age of onset or at least the age at which children with the inattentive
subtype are recognized is much later. They often do not come to clinical attention
till ages 9 to 11, and it may be hard to document that there were symptoms
before that. It has been proposed that the criterion for onset should be higher
for the inattentive. Why this should be the case isn't entirely clear. It could
be that demands on attention don't increase so that these children don't look
impaired in the classroom until they get to be 9 years old because they are
not behaviorally disruptive, they don't have other problems. Their problems are
primarily on structured tasks that require concentration and focus. It is
possible that this is a subtype that does not have an onset until later. In the
study, the children were matched for age, so that wouldn't account for
differences. The age range for both subtypes was 7-12 years old.
Medscape: Could you tell us about your ADHD clinic and some of the things you
do in the program? Dr. Solanto: We see the whole range of ADHD at the program
at Mt. Sinai. Children, adolescents, and increasingly, more adults, who
sometimes recognize in themselves the symptoms that their children have, because as
you know ADHD is highly heritable. Often they can see they have experienced
difficulties similar to [those of] their child and sometimes, with a little
encouragement, they will come forth for an evaluation for themselves.
In the clinic, we provide follow-up treatment in the way of medication [and]
individual behavior therapy, which is done by coaching parents and teachers in
how best to respond and how to manage these behaviors.
We also have a group that teaches adults time management and organizational
skills that they may have not developed because of the impairments associated
with ADHD, which is very hard to acquire later on without specific coaching.
Not even medication will fully address that. It may help them learn these new
strategies, but it is something they have to work at and have help with. The
groups have done pretty well, they seem to have a positive impact. Next we will
evaluate the whole process in a more rigorous fashion.
Medscape: Adult ADHA seems to have a new focus, in the literature and even in
the press. People are making it seem like it is a new diagnosis, which it
isn't. Can you address that? Dr. Solanto: The follow-up studies have shown as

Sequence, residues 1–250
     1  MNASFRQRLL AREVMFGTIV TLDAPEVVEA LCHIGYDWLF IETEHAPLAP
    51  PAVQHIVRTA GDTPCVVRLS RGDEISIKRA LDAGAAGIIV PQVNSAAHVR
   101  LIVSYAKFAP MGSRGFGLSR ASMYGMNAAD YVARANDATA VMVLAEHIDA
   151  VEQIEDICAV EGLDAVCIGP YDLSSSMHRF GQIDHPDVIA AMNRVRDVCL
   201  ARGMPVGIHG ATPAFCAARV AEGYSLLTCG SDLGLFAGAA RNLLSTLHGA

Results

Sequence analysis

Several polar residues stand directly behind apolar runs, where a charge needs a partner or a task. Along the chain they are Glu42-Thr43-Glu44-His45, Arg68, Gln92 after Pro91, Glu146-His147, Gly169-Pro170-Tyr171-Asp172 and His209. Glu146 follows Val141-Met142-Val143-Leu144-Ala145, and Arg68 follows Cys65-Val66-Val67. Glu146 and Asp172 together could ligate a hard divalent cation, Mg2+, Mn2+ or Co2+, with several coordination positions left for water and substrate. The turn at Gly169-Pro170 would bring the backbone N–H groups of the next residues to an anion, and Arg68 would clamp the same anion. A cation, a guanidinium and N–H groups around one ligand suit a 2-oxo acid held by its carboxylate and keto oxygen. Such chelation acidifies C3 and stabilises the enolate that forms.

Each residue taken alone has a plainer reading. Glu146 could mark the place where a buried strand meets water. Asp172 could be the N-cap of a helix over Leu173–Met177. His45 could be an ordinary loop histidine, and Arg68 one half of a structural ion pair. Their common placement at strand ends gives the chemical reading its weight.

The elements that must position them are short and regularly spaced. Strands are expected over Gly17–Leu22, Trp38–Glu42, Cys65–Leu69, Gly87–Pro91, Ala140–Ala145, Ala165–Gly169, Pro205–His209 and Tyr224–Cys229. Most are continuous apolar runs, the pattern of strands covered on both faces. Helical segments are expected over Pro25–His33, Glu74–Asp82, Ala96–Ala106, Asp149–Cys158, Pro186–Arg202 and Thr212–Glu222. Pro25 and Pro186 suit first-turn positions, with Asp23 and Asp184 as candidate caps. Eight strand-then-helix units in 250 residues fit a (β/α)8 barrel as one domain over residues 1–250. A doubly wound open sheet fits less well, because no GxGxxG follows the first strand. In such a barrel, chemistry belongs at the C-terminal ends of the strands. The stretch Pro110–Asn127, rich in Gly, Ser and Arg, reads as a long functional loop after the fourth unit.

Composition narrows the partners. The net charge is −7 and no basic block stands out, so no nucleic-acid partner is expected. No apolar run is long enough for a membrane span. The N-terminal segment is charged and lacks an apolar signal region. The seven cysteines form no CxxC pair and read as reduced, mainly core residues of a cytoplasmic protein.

many as half of kids with ADHD will continue to have many symptoms in adulthood,
if not the full-fledged disorder. We knew these people were out there, they
had to be given the results of these longitudinal studies. They might not be
recognized by mental health professionals because they often have many other
symptoms and problems that by time they reach adulthood take precedence. Many are
depressed or have problems with anxiety, and often those are the conditions
and the problems that are recognized if they go for consultation, and unless one
takes a very careful history beginning at childhood, one may overlook the
fact that there were certain ADHD symptoms that are present very early on and
have continued into adulthood. So it's good that there is now much more publicity
about it, there are some books that are very helpful to adults in helping
recognize problems they may have had. There are actually very few specialized
centers, even in Manhattan, that do evaluations and treatment of adults with
Medscape: I notice that the researchers in the field of ADHD are a small
group and there seems to be a great deal of collaboration. Do you work with other
researchers in other areas in New York as well as in the rest of the country?
Dr. Solanto: It's really important to exchange ideas and share findings and
instruments that are used for diagnosis, as well as strategies for intervention.
We're working with adults to develop organizational skills. For example,
Howard Abacoff, at New York University, has developed a superb program to teach
children how to better organize themselves and has gotten really excellent
results. There is an exchange of ideas and approaches that benefits everyone
involved, and it is great to do that at a meeting like this, especially one that is
provided in such a gorgeous environment.
Reviewed by Gary D. Vogin, MD
Robert Kennedy is site editor of Medscape Psychiatry; Robert Glassman is a
freelance editor for Medscape.
Conference CoverageChild and Adolescent Psychiatry Annual Meeting